Resistance is NOT futile!

by Bonsai 24 Replies latest jw experiences

  • BluesBrother

    It took a bit of digging to find this :

    Awake 1977 3/22 p15

    Another personal feeling affecting reactions to funeral customs is the desire to keep a funeral simple, free from ritual.
    This could involve, for instance, some customs followed at the grave site. In certain areas the pallbearers or family members are expected to put a flower on the casket or to toss a flower into the grave before it is filled. To many persons this is considered a final token of respect or a last tribute to the dead person. But, of course, the true Christian knows that the deceased is not aware of the flower. And, if the deceased had been a true Christian, he too would have agreed with the counsel at Romans 1:25 against giving undue or worshipful honor to a creature. Hence, the personal feelings of some individuals have led them to omit this custom

    I have realised that your location , Bonsai, and that probably accounts for the strict application of the rule.Even so, it seems an extremely tough stance to take. Here in the U K I have attended Witness funerals where flowers were on the coffin , and nobody gave it a second thought.

    At least it helped you to see the truth about The truth so maybe a blessing in disguise.. Welcome to the board.

  • Vidiot

    A DF witch hunt because of flowers on an elder's casket?

    What. The F**K???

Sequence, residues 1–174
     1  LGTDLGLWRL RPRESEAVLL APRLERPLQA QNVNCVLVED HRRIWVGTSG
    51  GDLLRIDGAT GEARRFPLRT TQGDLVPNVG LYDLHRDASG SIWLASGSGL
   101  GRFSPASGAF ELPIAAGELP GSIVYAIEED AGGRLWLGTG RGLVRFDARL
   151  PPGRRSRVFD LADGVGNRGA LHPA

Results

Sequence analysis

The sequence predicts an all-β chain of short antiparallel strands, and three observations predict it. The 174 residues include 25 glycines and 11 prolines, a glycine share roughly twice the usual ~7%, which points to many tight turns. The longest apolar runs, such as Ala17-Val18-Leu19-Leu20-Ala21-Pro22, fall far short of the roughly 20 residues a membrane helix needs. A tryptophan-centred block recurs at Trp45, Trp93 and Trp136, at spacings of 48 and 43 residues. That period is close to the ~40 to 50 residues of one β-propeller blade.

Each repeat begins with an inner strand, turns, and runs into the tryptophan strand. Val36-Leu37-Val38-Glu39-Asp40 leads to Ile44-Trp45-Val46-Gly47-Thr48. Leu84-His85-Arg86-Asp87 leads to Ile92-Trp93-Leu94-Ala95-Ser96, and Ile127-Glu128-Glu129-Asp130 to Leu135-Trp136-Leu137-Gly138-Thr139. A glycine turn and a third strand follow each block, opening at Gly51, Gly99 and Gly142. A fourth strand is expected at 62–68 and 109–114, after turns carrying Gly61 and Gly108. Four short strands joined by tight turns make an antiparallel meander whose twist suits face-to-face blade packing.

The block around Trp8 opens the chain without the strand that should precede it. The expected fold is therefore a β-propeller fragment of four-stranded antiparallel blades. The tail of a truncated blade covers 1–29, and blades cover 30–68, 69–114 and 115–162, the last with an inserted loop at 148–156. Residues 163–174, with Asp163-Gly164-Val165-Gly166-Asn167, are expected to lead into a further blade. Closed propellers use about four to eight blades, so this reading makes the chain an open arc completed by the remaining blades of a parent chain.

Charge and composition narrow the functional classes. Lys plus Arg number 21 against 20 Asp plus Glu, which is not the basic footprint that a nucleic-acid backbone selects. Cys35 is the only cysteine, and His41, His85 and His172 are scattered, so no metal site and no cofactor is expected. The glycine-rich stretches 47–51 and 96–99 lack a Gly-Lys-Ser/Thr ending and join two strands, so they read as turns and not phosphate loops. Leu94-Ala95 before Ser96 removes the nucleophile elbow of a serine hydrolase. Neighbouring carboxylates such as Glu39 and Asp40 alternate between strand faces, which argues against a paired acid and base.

I swear, I've come to believe that disfellowshipping's primary function is getting rid of people who have figured out the TATT (or who are close to it), rather than any kind of disciplinary tool.

  • Diogenesister
    Interesting that buddhist tradition is considered the source of the flower on the casket , it seems to me it is a very ancient universal homo sapien act of love and reverence for the departed.
  • Bonsai

    Diogenesister, I don't think the ritual began with Buddhists. Like you said the custom is old. Probably was carried out way back in the neolithic period (new stone age) or even before that. The custom is however given reverence and has deep religious meaning here. I think in the west the act is more informal and is done just to show respect for the deceased and also for the mourners.

    The funeral experience forced home to me the fact that the JW religion is very legalistic, unmerciful and a close cousin to the Pharisees.

  • Bonsai
    Thanks for digging that info up Bluesbrothers. I have it in Japanese somewhere, also there is a Japanese Kingdom Ministry explicitly forbidding the practice of floral tributes at funerals.

Share with others